Racial tensions between students at the UCLA School of Law appear to be growing.
Following the release of a student-produced video to raise awareness about the lack of diversity at the law school, reports have surfaced of flyers from black student organizations being pulled down, as well as one student receiving hate mail.
Editor's Note: This story contains racially charged language that some readers may find objectionable.
The blog Above The Law, which reports on the legal industry, received a tip about a student, Alexis Gardner, who got an anonymous note in her mailbox that read, "Stop being a sensitive nigger." The campus administration has responded and an investigation is currently underway. Scroll down to see Gardner's photo of the note (warning: NSFW language).
"We recognize that racial issues exist across the campus, not just in the law school. In fact, just today Chancellor Block issued a special announcement about the need to redouble our diversity efforts in the wake of Proposition 209, which prohibited affirmative action in admissions at any public college or university in California," said dean Rachel Moran in a statement to Above The Law.
Nancy Greenstein, a spokeswoman for UCLA's police department, said the hate mail incident was reported Monday. The note was computer-printed in bold black letters, she said. However, the paper has already been handled by a number of people, making it difficult to determine the note's authorship based on fingerprints.
"When it comes to hate crimes on our campus, we always go the extra mile in the investigation," Greenstein told The Huffington Post.
In addition to the YouTube video, which Gardner appears in, students have also created a petition addressed to Moran. On Monday, Moran responded to the petition by meeting with students.
"I met for an hour and a half with 15 of our students to discuss the issues that were raised in the Change.org petition. I was happy to share that the law school is making progress on a number of fronts to promote diversity and racial tolerance," said Moran in a statement released to HuffPost Tuesday.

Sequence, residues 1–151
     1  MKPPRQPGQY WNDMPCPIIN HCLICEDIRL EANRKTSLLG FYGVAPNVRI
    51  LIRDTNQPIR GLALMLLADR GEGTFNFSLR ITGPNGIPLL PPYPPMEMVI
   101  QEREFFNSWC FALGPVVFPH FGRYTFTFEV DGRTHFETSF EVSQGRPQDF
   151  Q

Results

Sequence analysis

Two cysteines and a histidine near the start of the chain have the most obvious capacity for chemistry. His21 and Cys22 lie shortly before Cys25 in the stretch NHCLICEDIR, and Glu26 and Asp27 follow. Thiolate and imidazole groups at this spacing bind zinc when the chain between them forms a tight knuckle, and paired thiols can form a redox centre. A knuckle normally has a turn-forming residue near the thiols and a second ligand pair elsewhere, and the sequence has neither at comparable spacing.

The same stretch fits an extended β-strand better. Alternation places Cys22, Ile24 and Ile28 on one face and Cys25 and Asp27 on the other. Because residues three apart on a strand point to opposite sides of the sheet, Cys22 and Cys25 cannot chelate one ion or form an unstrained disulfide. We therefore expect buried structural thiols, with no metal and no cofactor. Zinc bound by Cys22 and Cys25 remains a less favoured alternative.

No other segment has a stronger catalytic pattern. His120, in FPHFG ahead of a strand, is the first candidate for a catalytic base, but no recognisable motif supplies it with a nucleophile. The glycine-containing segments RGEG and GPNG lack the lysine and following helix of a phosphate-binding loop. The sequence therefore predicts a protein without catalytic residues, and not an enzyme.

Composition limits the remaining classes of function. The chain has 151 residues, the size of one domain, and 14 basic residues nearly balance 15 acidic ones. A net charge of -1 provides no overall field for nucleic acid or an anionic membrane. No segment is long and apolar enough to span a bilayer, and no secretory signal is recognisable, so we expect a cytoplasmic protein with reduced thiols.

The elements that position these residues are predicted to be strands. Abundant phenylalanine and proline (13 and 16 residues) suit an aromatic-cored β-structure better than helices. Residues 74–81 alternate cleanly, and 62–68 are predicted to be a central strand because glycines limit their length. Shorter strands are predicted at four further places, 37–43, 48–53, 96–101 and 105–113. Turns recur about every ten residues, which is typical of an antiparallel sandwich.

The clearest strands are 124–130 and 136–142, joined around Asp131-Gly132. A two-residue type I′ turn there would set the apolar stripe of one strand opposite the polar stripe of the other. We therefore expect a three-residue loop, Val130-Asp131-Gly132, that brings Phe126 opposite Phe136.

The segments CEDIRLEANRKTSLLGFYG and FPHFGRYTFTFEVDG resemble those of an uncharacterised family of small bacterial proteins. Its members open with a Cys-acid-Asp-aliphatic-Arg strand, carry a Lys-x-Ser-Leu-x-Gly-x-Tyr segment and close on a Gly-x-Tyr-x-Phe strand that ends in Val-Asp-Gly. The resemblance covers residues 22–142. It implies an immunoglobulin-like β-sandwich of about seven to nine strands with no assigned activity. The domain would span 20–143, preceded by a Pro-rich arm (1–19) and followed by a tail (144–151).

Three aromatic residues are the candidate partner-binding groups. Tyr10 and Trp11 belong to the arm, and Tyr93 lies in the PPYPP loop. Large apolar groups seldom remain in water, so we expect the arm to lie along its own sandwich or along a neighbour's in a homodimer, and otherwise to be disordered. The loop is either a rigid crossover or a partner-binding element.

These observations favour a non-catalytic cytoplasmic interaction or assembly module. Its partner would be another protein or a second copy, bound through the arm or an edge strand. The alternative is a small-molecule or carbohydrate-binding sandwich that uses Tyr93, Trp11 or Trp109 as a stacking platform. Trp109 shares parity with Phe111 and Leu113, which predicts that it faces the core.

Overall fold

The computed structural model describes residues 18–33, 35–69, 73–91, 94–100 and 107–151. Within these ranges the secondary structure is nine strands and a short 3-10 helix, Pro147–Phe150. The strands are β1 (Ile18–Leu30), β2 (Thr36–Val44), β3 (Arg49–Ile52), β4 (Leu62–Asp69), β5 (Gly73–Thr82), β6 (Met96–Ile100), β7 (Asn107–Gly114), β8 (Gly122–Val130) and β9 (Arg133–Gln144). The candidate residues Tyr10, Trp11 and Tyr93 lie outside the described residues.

Moran's statement went on to say:
Our initiatives will include student and faculty workshops, curricular reform, restructuring some administrative positions and getting more financial aid money from the University and donors. Yesterday's meeting is the start, not the conclusion, of a conversation that is taking place not only at the law school but throughout the university community. As Chancellor Block said yesterday, we all need to redouble our efforts to promote diversity at UCLA.
However, according to a report about the meeting in student newspaper the Daily Bruin, some students wanted more immediate action.
"Overall I’m feeling dissatisfied and unhappy with how it turned out. She played her political part in meeting with us, but she didn't agree to do anything," Gardner told the Bruin.
The anonymous note isn't the only troubling incident to have occurred at UCLA in recent months. Students have ripped down posters and flyers put up by the Black Law Students Association. Moran responded by sending out a campus-wide email reminding students that UCLA is "dedicated to providing an engaging intellectual environment that is respectful and welcoming to all." Above The Law also notes that tensions previously arose over a November incident in which a number of students wore T-shirts saying "Team Sander" in anticipation of an upcoming softball game. According to tipsters, some saw the team name and T-shirts as a way of subtly showing support for the work of Richard Sander, a UCLA professor whose work argues against affirmative action.
Currently, UCLA's law school has just 33 black students. The school has 994 students pursuing their Juris Doctor, and if students who are pursuing their Master of Law degree are included, the total student population is roughly 1,100.
CORRECTION: A previous version of this article stated that the T-shirts that read "Team Sander" were an overt reference to UCLA professor Richard Sander's work on affirmative action. The shirts were in fact softball uniforms.
The note left in Alexis Gardner's mailbox: